Of all these dissident expressions of intellectual protest, the gem has to be the letter written by Martin Luther King on April 16th 1963, from the isolation of a jail cell in Birmingham, Alabama. While in liberal England teh Beatles were opening up the human relations with their chart-topping single, From me to You, Birmingham was the most segregated in the entire United States & King had flown eagerly into the lion’s maw. It was read out by Vivien French, a prolific children’s author famous for her Tiara Club stories & her Tales from the Five Kingdoms. She read with great distinction, & by the end of the long letter, with King apologising for its length but saying there was little else do do in prision but think & write, I was verging on tears. King was saying stuff like the airtight cage of poverty & how no motels woudl accept him so he had to sleep in the corner of his car & how his first name was never Martin but always nigger. A sobering day, then, one sent, I think, to remind me that, although Im having a barry old time up here in the Scottish capital, in this Goan pleasure bubble, the world is still full of vast imbalances. Despite the vast imrpovements made America way in social equality, Mr King would still be dreaming, I believe…

Food for the Soul

The Soul Foundation


There is no habitation of human beings in this world so fine in its way…
as this, the capital of Scotland
Andrew Carnegie

Shows So Far – 42
Hangovers – 4

Woke up with Luke on my couch. He’s renting his flat out to some students up for the weekend, a common way for Edinburghers to make some cash. A few years ago I was on Scotland Street in the New Town & renting mi quite cushy flat out for loads o money. Anyhow, the key was on a string through the letterbox, & after cutting a new one for my ‘guests’ didnt put it back on the string. Then, just before my cockney thespians arrived, I nipped out for some trinket or other – forgetting that the key was no longer on the string & was on the kitchen table, locking me out. Then the guys arrived in their car & the only way for me to let them in was by smashing the back window. I was in a hurry you see, heading to Ireland or something, & even to this day I still have a wee cringe about it from time to time. I then asked them for teh cheque & thy goes, “We’re not givin’ it to a burglar!” Better out than in, though, & I’m hoping by talking about it I can exorcise the ghost!

With the sun shining I woke Luke up & offered him my spare ticket to the FOODIES festival at Holyrood Park. For those who don’t know Edinburgh its a stunning setting, flanked by the Queen’s palace & the highland-scape of Arthur’s seat. There’s always events there, from Bonnie Prince Charlie’s army doing manouveres there in 1745, to the forthcoming FUN DOG SHOW (21st Aug – 11Am-3PM) where anyone can enter their dog in competitions like waggiest tail and basic agility. Today, however, it was all about food & drink & was the best tenner a punter could spend so far.

The festival had been on since Friday & I thought it would be a pleasant change from the theater & comedy (though I did sound engineer for VICTOR POPE after the event). It is essentially a great market place, with stallholders paying 600 quid each for the chance to show off & sell their wares to both the public & retailers. For me & Luke this was something of a christmas day, as we free-sample our way from stall-to-stall, getting drunker & drunker by the glass. Our main base was this gin stall who kept bringing out samples on trays all afternoon. After hitting it off with two ladies, we could then get four glasses each, resulting in 16 glasses per tray. To suffice it to say we were very soon completely reekin’!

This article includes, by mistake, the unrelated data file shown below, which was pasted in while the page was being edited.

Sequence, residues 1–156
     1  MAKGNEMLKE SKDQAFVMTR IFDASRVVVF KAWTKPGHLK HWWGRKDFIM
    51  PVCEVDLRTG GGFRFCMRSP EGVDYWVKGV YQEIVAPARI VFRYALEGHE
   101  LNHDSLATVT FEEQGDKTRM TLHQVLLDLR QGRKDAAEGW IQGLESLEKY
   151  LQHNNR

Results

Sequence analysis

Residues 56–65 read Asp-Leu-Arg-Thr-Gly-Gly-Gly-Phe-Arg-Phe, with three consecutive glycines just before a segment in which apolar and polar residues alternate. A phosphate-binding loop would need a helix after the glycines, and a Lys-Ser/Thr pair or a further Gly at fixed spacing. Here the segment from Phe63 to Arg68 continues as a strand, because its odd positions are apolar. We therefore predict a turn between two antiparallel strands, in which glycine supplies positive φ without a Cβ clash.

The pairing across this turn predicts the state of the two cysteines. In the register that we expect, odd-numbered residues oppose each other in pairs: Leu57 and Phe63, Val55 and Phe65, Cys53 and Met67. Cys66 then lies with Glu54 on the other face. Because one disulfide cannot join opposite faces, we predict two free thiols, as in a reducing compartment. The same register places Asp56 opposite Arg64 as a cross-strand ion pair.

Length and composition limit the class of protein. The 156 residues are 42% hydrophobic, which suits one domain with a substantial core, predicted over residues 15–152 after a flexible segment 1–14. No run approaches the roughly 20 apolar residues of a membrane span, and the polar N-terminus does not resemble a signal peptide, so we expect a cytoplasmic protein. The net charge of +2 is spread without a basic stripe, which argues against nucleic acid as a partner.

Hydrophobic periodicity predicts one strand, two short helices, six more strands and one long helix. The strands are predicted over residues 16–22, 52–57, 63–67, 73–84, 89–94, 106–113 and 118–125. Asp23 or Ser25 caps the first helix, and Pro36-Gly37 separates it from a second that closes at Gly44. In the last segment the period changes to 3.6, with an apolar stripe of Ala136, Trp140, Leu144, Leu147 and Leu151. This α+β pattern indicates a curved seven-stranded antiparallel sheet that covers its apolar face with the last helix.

We’d met the ladies at a whiskey tasting session, for Glenrothers single malt, compared by this cheery, balding big guy who taught us how to really appreciate a whiskey. First you must tip your tongue in with a wee waggle, as if one is engaging in cunnlingus, to get the sweetness of the whiskey. Then, taking a large sip, one must ‘chew’ the whiskey to distribute the flavour around the mouth. It was quite a revelation, actually, as I usually just neck the stuff straight & burn my insides in the process. Suffice it to say Luke had nailed all four of his samples during the lengthy opening talk on the history of Glenrothes distillery, & we both mineswept the marquee on the way out, competing to get the biggest glass of our own unique blend of Glenrothes!

The festival wasnt just about getting hammered by the way, there was a vast array of foodstuffs from all over the country; funky fudge & dynamite salami, chilli balsamic & Chiltern chutney, it was an Alton Towers for the taste-buds. Every hour there would be a couple of live cooking sessions from some of the top British TV chefs. We also had some entertainment laid on, culminating in a great show from Edinburgh motown band THE SOUL FOUNDATION. A curly haired black dude leads his well-dressed band -lads & four cute birds in red dresses through some proper classic tracks, which had me & Luke dancing with two new women in the sunshine. Of the four women, all were mums – some married, some single – but all of them getting away from the kids for the day. There were still a few bairns around, however, & at first the SOUL FOUNDATION’S dancers were all toddlers – but by the end of the afternoon they had a massive crowd all getting on down.

The Soul Foundation

Here’s a link to a video of their stuff by the way…